This isn't paint, so forgive me if you are dead set on paint. But they do have this camo ace bandage stuff that I like. Being a porous cloth you can rub it down with some local flora and even wrap some of it in. Just dont set your weapon down or you may never find it.

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Old 05-22-2012, 05:15 AM
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It's an AR platform, so as far as roughing up the surface, I don't know how uniform that would be, but I imagine using a primer base layers, then the camo paint and a clear coat, ought to seal it just fine......and I will make sure to check the clearances on anything I remove (sights, etc.), because all that paint will need to be removed in specific spots to maintain clearances.
Old 05-22-2012, 01:46 PM
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You might try a better grade of paint. I find that Duracoat, properly applied, is very durable. All of the failures I've heard of have always been related to improper metal preparation. Even high grade spray paint is quite durable if you do proper metal prep first.
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Old 05-22-2012, 01:49 PM
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You might try a better grade of paint. I find that Duracoat, properly applied, is very durable. All of the failures I've heard of have always been related to improper metal preparation. Even high grade spray paint is quite durable if you do proper metal prep first.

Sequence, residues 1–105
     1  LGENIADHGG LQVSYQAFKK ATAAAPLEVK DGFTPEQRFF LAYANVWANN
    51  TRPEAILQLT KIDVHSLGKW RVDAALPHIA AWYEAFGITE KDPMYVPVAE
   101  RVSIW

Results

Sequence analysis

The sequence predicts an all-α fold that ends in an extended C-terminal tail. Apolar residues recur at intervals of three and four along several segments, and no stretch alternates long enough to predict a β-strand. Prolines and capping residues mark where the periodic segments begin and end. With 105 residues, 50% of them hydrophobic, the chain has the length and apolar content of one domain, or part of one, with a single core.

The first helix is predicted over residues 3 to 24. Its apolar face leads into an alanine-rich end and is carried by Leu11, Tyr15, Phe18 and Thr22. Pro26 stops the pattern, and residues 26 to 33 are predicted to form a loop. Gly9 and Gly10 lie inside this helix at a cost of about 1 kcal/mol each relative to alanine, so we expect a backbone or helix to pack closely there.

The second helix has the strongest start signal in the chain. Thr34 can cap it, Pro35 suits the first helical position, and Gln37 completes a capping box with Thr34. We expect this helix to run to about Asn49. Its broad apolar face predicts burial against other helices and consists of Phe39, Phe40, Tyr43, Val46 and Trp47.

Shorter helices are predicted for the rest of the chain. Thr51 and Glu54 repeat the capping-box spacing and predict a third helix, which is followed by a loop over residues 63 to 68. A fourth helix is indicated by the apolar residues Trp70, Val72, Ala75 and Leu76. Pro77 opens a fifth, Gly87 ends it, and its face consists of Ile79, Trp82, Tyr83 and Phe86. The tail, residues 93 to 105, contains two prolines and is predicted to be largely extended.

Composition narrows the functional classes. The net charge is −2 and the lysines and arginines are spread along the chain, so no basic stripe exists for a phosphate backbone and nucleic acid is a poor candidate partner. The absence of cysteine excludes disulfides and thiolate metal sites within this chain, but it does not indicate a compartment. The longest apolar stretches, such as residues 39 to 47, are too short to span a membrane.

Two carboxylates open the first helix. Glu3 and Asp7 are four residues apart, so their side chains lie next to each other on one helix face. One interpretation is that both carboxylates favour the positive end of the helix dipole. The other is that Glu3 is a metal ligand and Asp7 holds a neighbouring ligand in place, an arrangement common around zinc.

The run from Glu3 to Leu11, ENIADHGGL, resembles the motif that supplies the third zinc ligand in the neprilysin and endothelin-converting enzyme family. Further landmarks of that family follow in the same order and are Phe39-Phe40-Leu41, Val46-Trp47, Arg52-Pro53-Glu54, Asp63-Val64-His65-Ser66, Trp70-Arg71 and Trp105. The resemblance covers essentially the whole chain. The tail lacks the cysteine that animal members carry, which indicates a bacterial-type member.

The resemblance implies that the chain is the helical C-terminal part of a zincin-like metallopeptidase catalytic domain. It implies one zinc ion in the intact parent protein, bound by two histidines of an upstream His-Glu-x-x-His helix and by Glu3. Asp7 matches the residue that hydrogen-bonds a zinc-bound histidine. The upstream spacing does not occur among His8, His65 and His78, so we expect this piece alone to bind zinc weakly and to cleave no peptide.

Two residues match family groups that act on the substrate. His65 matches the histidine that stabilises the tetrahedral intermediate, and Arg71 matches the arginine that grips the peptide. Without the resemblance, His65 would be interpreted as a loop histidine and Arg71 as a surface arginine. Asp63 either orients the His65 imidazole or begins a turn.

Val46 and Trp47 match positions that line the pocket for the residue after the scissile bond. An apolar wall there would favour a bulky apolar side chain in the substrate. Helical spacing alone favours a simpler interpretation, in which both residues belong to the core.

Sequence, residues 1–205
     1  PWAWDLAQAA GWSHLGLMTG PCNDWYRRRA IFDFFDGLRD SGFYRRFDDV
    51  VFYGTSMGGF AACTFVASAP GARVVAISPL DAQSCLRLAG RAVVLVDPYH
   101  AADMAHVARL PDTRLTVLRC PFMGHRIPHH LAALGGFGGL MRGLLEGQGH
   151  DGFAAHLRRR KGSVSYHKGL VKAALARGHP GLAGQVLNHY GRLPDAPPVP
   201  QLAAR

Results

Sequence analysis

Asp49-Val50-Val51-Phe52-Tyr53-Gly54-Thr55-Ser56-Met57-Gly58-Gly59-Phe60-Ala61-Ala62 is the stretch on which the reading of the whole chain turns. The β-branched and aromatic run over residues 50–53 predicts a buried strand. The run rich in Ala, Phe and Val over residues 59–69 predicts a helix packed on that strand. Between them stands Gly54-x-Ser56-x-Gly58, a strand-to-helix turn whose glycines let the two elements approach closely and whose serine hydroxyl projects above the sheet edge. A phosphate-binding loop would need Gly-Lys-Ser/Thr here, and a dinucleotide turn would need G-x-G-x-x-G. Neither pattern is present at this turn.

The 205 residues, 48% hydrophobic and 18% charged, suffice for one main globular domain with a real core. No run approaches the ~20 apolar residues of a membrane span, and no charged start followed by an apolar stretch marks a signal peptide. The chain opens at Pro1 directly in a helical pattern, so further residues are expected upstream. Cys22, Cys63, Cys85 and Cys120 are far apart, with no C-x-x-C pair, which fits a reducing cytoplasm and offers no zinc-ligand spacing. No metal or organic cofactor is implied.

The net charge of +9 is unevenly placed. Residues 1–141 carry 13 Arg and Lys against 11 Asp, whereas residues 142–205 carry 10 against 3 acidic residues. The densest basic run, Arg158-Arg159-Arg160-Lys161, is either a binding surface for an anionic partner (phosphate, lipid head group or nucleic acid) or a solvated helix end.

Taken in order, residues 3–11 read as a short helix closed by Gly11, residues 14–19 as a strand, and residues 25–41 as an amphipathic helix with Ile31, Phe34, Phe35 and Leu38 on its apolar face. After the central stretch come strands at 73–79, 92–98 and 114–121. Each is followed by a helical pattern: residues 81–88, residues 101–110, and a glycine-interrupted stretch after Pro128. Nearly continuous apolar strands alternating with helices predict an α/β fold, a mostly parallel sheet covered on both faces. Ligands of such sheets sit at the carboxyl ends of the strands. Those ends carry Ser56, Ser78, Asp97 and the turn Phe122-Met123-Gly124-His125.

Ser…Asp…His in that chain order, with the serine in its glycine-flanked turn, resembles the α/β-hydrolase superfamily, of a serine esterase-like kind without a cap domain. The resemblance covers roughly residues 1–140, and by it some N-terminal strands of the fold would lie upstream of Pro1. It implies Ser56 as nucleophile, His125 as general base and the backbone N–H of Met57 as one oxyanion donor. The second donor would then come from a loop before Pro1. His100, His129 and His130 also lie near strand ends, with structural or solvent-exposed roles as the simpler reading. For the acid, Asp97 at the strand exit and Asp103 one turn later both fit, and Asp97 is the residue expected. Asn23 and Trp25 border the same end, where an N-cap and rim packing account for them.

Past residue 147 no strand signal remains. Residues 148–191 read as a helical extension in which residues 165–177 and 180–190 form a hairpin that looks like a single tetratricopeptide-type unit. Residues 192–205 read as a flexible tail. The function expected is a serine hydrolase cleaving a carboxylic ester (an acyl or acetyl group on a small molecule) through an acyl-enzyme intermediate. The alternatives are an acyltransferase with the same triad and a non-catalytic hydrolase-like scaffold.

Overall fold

krylons even prettydourable if done well
Old 05-22-2012, 02:03 PM
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Any enamel paint is good for metal. But like everyone has said, surface prep is the name of the game. And sometimes you have to get really anal and ocd about it if you want a really long lasting finish.

One overlooked aspect of surface prep, which I imagine is doubly important to a firearm, is getting rid of oils and particulates. Hand oils, rem-oil, carbon, metal particles after sanding. just a small amount will flub the final finish. Soap and water (if you are comfortable with this), then a final alcohol wash with a low-fuzz rag. Don't touch the thing for a day, and start laying on the paint.

(my personal favorite is rustoleum)
Old 05-22-2012, 07:00 PM
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Originally Posted by phoenix View Post
Any enamel paint is good for metal. But like everyone has said, surface prep is the name of the game. And sometimes you have to get really anal and ocd about it if you want a really long lasting finish.